These are my modern English translations of poems by the Russian poet Alexander Pushkin.
I Loved You
by Alexander Sergeyevich Pushkin
loose translation/interpretation by Michael R. Burch
I loved you ... perhaps I love you still ...
perhaps for a while such emotions may remain.
But please don’t let my feelings trouble you;
I do not wish to cause you further pain.
God forbid if something terrible happens and I lose my eyesight.
I would miss the smile on my mother's face shining with glow and always bright.
My brothers would have tears in their eyes seeing me like this,
and would never indulge in a friendly fight.
My world would be in darkness though there would be light.
I won't be able to take lonely walks on the streets, would require help by plight.
I know you say you have a heart
But I really don’t think that’s true
Because this crippling pain I’m feeling
Was caused by none other than you
You told me that you had my back
And with that you made me glow
Now my shadow’s still behind me
But where on earth did you go?
You warned me not to love you
But pulled me in at the same time
Even though I somewhat agreed with you
I tried to make you mine
You reached in through my rib cage
Snapped my heartstrings one by one
But I still stood beside you
I am drowning in my pain
Spinning faster and faster
I closed my eyes to escape
From my momentary lapse of reason
In my grave reality of my demise
But there is nowhere to hide
In a world of complete emptiness
I am going under faster and faster
Feeling nothing but helplessness
And everything was still
Just as hope seemed to have faded
There was shelter in the distance
That shelter was you and I felt warm
And everything was still
Even from the depths of my mind
I knew I was trapped frozen in time
And so it begins..
The innocent little ones are broken
Their sanity and dreams stolen
Violently without words spoken
So badly beaten and bruised
Little ones left weeping and confused
As they silently shed their tears in fear
And no one ever seems to hear
How their voices shake when they speak
And no one ever seems to see
How they tremble when their defenseless and weak
Little ones lives can be very bleak.
In a strange town in a far land
They met amid a throng;
They stared, they could not understand
How life was sudden song.
As brown eyes looked in eyes of grey
Just for a moment's space,
Twin spirits met with sweet dismay
In that strange place.
And then the mob that swept them near
Reft them away again;
Two hearts in all the world most dear
Knew puzzlement and pain.
They barely brushed in passing by,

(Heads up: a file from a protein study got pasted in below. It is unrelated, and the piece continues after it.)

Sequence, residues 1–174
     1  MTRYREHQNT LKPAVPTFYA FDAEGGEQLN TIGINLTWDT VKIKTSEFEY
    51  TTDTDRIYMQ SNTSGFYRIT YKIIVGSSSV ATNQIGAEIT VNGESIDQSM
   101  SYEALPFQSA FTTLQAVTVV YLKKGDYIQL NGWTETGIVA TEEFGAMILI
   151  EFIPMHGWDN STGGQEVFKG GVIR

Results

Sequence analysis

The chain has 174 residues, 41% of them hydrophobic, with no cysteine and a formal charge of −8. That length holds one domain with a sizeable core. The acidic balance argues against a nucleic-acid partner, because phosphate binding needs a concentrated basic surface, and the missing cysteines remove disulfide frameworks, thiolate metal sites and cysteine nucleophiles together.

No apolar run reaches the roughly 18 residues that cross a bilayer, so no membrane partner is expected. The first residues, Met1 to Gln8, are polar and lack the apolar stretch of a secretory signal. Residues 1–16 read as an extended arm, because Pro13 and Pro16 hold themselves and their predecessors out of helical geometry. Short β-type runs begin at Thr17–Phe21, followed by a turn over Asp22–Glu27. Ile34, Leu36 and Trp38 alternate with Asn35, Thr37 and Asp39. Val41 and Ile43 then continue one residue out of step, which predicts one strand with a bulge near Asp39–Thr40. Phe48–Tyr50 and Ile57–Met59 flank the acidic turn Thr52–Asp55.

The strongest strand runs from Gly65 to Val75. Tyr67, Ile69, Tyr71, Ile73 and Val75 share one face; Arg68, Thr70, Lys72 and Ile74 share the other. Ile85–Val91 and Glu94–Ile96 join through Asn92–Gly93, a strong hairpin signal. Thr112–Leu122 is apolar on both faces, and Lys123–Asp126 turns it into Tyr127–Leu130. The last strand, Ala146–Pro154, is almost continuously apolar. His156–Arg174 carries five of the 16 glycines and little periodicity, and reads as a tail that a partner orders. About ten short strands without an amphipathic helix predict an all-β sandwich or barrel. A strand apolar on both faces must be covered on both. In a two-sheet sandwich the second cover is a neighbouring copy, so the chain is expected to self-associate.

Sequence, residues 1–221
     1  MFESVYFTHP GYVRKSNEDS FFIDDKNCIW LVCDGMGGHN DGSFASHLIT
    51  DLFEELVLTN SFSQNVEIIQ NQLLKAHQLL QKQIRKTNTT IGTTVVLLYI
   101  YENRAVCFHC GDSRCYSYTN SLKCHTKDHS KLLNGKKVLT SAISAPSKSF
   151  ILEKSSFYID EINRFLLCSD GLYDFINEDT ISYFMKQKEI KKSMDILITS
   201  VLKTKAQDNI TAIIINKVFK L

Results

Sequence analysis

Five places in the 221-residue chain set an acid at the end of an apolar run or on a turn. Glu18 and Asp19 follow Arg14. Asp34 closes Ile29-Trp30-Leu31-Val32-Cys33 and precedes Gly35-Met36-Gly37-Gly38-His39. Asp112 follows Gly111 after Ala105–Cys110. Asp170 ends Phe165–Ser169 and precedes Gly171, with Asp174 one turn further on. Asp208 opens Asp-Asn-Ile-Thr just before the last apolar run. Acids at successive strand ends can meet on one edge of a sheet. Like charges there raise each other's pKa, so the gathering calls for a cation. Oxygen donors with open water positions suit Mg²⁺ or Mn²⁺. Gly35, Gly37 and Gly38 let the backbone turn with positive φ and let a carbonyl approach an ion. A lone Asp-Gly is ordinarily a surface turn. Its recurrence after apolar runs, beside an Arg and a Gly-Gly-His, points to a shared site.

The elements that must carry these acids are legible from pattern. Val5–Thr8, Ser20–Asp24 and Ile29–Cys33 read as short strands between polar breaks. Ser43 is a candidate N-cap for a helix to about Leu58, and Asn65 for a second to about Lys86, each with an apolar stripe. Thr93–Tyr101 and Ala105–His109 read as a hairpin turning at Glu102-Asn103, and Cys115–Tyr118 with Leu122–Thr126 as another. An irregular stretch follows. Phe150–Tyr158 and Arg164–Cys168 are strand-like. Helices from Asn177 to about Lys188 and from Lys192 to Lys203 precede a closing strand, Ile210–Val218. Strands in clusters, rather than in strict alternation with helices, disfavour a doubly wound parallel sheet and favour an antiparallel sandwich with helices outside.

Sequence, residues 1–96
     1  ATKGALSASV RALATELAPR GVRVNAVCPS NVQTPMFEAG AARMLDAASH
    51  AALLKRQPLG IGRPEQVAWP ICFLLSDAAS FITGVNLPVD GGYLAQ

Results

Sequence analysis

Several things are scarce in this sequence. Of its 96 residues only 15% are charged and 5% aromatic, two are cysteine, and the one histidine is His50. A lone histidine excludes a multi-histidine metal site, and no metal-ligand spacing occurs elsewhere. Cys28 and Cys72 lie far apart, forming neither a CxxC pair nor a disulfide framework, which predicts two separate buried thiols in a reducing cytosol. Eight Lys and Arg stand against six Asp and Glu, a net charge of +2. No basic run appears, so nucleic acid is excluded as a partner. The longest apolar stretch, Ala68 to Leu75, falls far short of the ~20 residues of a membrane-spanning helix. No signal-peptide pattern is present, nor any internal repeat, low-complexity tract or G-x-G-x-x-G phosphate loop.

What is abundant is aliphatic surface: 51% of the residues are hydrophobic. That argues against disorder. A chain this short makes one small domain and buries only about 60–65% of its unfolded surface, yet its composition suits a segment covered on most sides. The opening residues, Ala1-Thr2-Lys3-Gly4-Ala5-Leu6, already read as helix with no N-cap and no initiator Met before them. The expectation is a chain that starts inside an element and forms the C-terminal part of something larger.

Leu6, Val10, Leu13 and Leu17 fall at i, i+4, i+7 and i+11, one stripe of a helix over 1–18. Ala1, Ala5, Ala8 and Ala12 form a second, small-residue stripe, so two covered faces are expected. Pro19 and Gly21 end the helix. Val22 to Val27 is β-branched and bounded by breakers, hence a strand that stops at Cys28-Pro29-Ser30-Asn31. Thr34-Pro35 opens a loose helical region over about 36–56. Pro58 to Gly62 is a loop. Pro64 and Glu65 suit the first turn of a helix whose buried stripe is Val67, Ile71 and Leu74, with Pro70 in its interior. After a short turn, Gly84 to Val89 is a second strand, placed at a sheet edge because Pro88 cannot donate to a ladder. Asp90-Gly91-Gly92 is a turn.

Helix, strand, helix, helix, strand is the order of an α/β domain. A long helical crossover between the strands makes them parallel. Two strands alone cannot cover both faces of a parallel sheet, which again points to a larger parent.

A wildered girl and boy,
Two Blind Men
Two blind men met. Said one: "This earth
Has been a blackout from my birth.
Through darkness I have groped my way,
Forlorn, unknowing night from day.
But you - though War destroyed your sight,
Still have your memories of Light,
And to allay your present pain
Can live your golden youth again."
Then said the second: "Aye, it's true,
It must seem magical to you
To know the shape of things that are,
A women's lips, a rose, a star.
But therein lies the hell of it;
Better my eyes had never lit
In the fair morning of his life,
When his pure heart lay in his breast,
Panting, with all that wild unrest
To plunge into the great world's strife
That fills young hearts with mad desire,
He saw a sunset. Red and gold
The burning billows surged and rolled,
And upward tossed their caps of fire.
He looked. And as he looked the sight
Sent from his soul through breast and brain
Such intense joy, it hurt like pain.
His heart seemed bursting with delight.
So near the Unknown seemed, so close
(Suggested by the lives of Napoleon and Josephine.)
ONE night was full of rapture and delight-
Of reunited arms and swooning kisses,
And all the unnamed and unnumbered blisses
Which fond souls find in love of love at night.
Heart beat with heart, and each clung into each
With twining arms that did but loose their hold
To cling still closer; and fond glances told
These truths for which there is no uttered speech.
There was sweet laughter and endearing words,
Translation of Petrarch's Rima, Sonnet 134
I FIND no peace, and all my war is done;
I fear and hope; I burn and freeze like ice;
I fly above the wind, yet can I not arise;
And nought I have, and all the world I seize on;
That looseth nor locketh holdeth me in prison
And holdeth me not, yet can I 'scape nowise;
Nor letteth me live nor die at my device, [by my own choice]
And yet of death it giveth none occasion.
Withouten eyen, I see; and without tongue I plain; [lament]
I desire to perish, and yet I ask health;